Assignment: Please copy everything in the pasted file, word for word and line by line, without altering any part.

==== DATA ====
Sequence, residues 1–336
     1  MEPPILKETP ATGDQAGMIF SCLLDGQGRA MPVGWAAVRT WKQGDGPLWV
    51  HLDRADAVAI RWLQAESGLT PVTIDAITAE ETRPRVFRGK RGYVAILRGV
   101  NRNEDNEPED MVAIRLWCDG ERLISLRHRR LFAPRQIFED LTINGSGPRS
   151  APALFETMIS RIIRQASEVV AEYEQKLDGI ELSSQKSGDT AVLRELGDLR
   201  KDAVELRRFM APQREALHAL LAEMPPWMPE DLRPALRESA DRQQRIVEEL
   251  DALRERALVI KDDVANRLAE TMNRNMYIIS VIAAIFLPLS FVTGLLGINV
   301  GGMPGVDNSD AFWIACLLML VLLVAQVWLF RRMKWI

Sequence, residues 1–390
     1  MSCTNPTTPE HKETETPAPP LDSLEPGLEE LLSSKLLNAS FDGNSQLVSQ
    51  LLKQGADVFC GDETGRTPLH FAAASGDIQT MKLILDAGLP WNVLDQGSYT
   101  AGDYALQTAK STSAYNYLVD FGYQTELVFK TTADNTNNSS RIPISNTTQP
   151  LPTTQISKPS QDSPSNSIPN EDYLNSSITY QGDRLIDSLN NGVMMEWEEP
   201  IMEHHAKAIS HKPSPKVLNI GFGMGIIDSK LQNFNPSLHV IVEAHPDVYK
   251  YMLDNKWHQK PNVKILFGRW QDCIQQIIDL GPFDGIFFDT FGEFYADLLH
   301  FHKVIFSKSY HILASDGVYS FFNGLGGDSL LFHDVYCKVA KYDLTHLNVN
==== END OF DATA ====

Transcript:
Sequence, residues 1–336
     1  MEPPILKETP ATGDQAGMIF SCLLDGQGRA MPVGWAAVRT WKQGDGPLWV
    51  HLDRADAVAI RWLQAESGLT PVTIDAITAE ETRPRVFRGK RGYVAILRGV
   101  NRNEDNEPED MVAIRLWCDG ERLISLRHRR LFAPRQIFED LTINGSGPRS
   151  APALFETMIS RIIRQASEVV AEYEQKLDGI ELSSQKSGDT AVLRELGDLR
   201  KDAVELRRFM APQREALHAL LAEMPPWMPE DLRPALRESA DRQQRIVEEL
   251  DALRERALVI KDDVANRLAE TMNRNMYIIS VIAAIFLPLS FVTGLLGINV
   301  GGMPGVDNSD AFWIACLLML VLLVAQVWLF RRMKWI

Sequence, residues 1–390
     1  MSCTNPTTPE HKETETPAPP LDSLEPGLEE LLSSKLLNAS FDGNSQLVSQ
    51  LLKQGADVFC GDETGRTPLH FAAASGDIQT MKLILDAGLP WNVLDQGSYT
   101  AGDYALQTAK STSAYNYLVD FGYQTELVFK TTADNTNNSS RIPISNTTQP
   151  LPTTQISKPS QDSPSNSIPN EDYLNSSITY QGDRLIDSLN NGVMMEWEEP
   201  IMEHHAKAIS HKPSPKVLNI GFGMGIIDSK LQNFNPSLHV IVEAHPDVYK
   251  YMLDNKWHQK PNVKILFGRW QDCIQQIIDL GPFDGIFFDT FGEFYADLLH
   301  FHKVIFSKSY HILASDGVYS FFNGLGGDSL LFHDVYCKVA KYDLTHLNVN